Wednesday, July 6, 2011


On Thursday, June 30, Governor Jerry Brown signed the main budget bill (SB 87) and about half of the related "trailer" bills, marking a rare on-time budget one day before the start of California's 2011/12 fiscal year. The signed budget includes cuts to public universities, reductions to the courts and closures of 70 parks, among other measures. Fortunately, for early childhood education, the budget includes the restoration of $200 million in child care funding that was initially passed by the Legislature on June 15. Below is a detailed description of the child care funding restorations in the approved state budget:

Child Care Funding Restorations included in the Approved 2011/12 Budget
  • Restores 10% Standard Reimbursement Rate cut to the Title V contracts
  • Rescinds the proposed 10% family fee increase
  • Reinstates child care services for 11- and 12-year old children
  • Reduces across the board contract reduction from 15% to 11% (in Education trailer bill - AB 114) Establishes the Early Learning Advisory Council (ELAC) into statute – ensuring its long-term presence
However, the 2011/12 budget does include the following changes and cuts to child care funding:

Child Care Funding Cuts included in the Approved 2011/12 Budget

  • Limits families to 48 months of cash assistance (down from 60 months)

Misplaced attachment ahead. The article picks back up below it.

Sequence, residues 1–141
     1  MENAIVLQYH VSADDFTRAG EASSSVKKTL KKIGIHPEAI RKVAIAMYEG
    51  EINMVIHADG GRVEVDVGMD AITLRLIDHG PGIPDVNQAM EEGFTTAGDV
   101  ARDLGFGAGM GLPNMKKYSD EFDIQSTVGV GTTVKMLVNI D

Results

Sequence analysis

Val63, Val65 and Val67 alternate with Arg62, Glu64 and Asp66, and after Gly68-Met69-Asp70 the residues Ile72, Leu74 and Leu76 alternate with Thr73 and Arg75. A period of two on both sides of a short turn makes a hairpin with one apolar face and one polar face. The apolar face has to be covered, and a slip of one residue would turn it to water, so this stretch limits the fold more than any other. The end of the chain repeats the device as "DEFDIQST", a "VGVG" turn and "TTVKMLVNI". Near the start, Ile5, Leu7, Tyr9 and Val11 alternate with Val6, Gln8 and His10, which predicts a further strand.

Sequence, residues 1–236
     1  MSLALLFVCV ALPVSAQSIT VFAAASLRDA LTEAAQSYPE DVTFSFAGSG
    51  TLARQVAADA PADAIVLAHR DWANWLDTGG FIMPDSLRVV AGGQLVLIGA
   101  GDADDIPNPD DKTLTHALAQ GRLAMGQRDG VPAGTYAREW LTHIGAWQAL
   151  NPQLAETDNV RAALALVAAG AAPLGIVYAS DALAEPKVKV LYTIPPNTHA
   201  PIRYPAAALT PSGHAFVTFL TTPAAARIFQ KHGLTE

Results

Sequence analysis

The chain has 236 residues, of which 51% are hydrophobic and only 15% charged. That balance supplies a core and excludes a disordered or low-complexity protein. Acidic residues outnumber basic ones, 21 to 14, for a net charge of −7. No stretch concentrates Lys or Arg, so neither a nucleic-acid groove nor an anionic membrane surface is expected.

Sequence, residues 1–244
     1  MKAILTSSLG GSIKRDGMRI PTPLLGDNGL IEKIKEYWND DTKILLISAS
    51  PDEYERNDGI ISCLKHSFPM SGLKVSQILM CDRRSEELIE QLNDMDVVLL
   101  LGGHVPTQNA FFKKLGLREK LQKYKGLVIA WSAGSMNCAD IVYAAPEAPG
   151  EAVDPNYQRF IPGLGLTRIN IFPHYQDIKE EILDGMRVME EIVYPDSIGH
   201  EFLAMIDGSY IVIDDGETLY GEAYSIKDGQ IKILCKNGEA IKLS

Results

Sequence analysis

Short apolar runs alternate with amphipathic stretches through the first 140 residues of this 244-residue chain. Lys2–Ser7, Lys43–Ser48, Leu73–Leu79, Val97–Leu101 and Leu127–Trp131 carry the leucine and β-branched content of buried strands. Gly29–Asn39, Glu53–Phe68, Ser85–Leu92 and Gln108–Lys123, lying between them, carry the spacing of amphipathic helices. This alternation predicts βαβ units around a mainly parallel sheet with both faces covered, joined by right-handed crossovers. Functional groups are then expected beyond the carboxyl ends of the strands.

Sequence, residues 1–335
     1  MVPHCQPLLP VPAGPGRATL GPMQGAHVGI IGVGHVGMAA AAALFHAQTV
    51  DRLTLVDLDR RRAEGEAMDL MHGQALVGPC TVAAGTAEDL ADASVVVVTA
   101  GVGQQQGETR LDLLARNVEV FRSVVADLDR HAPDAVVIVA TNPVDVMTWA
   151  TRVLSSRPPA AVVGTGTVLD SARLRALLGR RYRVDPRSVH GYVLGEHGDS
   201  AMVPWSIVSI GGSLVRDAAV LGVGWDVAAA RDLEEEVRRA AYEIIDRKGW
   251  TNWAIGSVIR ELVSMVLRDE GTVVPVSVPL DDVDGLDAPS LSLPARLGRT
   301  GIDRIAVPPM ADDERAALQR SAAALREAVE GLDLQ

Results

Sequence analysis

• Cuts the CalWORKs grant amount by 8%
  • Reduces Earned Income Disregard (income not counted in determining monthly grant amount)
  • Extends Short-Term Reforms (allocations effective since 2009/10)
  • Suspends the Cal-Learn Program
Child Care and Development:
  • Reduces the State Median Income (SMI) from 75% to 70%
  • Reduces the licensed exempt provider rate from 80% to 60%
  • Reduces the amount of funding focused on quality initiatives (including the Centralized Eligibility List, the License Exempt Project and the Child Care Initiative Project) 
The budget signed by the governor is balanced and it is based upon a relatively even mix of cuts and tax revenues, as well as a smaller amount of funding shifts and internal borrowing. But, there could likely be a future challenge during this fiscal year. This approved budget includes $4 billion in revenues projection; however, if these revenues do not materialize by December 15, a trailer bill AB 121 (budget trigger provisions) will generate additional cuts in education, corrections and safety-net programs, which would take effect January 1, 2012. For example, if revenues fall short by more than $1 billion, then there will be a $23 million loss in child care funding, resulting in a 4% across-the-board reduction.

Additionally, the 2011/12 Budget removes child care and development from the Proposition 98 funding formula, with the only exception being half-day state-funded preschool programs. As a result of this realignment, the State General Fund (non-98 portion) would support the rest of child care and development. For the 2011/12 budget, these programs are supported in the allocation to the California Department of Education (CDE). So, at least for now, CDE will continue to administer the child care subsidy programs. It is uncertain if in the future, child care might be administered by local (county) government oversight.